de Beer & Associates, P.A.

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April 2013 Archives

Contest child custody hearing and the presumed minimum

Last year there were considerable discussions in the Minnesota State House and Senate about potential changes to the existing parenting time presumption that exists in contested child custody cases. Under current Minnesota law, parents in contested child custody proceedings are entitled to a minimum of 25 percent parenting time with their child, while the rest of the parenting time is either negotiated between the parties themselves or it is set by the court.

High-asset divorce and the impact on the family business

Divorce can be complicated, especially for high-asset couples with significant financial holdings and large estates to divide. Family-owned businesses are among the many assets that can become complicated to divide. While the final goal in dividing a family-owned business is the same as any other asset, minimizing the financial impact and protecting the client's interests, the actual technical know-how is often much more complex.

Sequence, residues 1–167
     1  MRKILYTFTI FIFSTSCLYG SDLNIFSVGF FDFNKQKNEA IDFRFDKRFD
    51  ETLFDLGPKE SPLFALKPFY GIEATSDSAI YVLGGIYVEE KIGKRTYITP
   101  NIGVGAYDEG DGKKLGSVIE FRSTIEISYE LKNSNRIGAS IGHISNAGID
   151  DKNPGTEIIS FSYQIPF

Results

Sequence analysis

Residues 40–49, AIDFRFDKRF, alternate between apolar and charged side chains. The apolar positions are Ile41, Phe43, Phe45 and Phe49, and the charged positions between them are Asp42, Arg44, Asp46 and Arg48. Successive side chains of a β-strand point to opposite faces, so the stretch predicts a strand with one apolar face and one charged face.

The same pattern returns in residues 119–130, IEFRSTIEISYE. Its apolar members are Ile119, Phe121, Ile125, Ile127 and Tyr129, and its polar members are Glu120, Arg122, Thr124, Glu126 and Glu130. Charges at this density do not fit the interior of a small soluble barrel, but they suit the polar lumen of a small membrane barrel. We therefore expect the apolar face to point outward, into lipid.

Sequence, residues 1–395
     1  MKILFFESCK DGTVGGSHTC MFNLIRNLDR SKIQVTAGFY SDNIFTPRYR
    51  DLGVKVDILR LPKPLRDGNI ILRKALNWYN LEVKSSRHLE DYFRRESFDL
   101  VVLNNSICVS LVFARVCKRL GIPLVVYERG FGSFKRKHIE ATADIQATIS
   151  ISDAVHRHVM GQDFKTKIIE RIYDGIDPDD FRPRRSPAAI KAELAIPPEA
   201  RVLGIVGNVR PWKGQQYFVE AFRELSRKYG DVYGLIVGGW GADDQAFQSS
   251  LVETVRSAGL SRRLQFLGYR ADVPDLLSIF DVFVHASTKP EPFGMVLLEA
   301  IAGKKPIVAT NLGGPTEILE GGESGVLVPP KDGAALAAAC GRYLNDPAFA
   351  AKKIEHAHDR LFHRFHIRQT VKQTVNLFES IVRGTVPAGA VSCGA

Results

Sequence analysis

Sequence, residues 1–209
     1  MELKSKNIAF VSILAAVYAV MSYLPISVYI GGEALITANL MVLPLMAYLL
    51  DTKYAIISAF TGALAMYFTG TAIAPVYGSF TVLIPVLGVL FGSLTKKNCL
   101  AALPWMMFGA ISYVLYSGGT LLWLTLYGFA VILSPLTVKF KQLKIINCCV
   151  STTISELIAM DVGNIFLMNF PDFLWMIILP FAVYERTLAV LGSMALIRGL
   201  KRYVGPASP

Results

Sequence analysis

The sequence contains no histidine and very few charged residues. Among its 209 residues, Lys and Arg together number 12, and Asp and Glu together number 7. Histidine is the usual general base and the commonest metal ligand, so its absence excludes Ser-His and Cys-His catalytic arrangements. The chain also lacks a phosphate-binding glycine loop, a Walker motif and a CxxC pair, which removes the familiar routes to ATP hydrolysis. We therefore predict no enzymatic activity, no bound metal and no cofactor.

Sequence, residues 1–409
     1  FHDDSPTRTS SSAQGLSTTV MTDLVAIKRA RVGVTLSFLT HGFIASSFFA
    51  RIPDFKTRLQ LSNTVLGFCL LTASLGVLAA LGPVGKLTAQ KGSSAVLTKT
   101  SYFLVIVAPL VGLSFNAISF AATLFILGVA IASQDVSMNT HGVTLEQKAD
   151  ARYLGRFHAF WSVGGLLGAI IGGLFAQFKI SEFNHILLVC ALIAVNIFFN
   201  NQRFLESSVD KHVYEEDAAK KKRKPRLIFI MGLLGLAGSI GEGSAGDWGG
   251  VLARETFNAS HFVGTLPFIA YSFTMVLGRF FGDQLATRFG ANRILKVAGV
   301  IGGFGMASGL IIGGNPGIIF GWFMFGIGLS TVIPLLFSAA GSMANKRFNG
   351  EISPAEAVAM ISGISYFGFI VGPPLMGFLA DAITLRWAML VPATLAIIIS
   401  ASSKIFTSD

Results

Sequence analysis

Appealing a child custody ruling for judicial bias

In Minnesota, child custody decisions are based on an evaluation of the best interests of the child. The court generally considers a number of factors when determining the best interests of the child, such as the wishes of the parents, the preference of the child and the mental and physical health of both parties. While the family court has significant latitude to make decisions in child custody matters, a parent has a right to request a review of that decision.

Understanding prenups, equitable distribution, and divorce

An impending divorce between oil executive Harold Hamm and his wife Sue Hamm could be the most expensive divorce in American history. Hamm is worth an estimated $11 billion, due largely in part to his 68 percent stake in the oil company Continental Resources. With no prenuptial agreement, Sue Hamm may be entitled to half of Harold's 68 percent stake, leaving the oilman without control of the company and with $5 billion less in the bank.

What to know when filing for taxes after filing for divorce

Divorce can be expensive, especially for high-asset couples with large financial holdings and extensive business assets. The cost of divorce, however, is about much more than lawyer's bills and court costs, it is often about income tax. While the following blog does not address many of the complex issues associated with tax and divorce, particularly the nuances of property division, Minnesota couples may find it as a nice primer on income tax and divorce.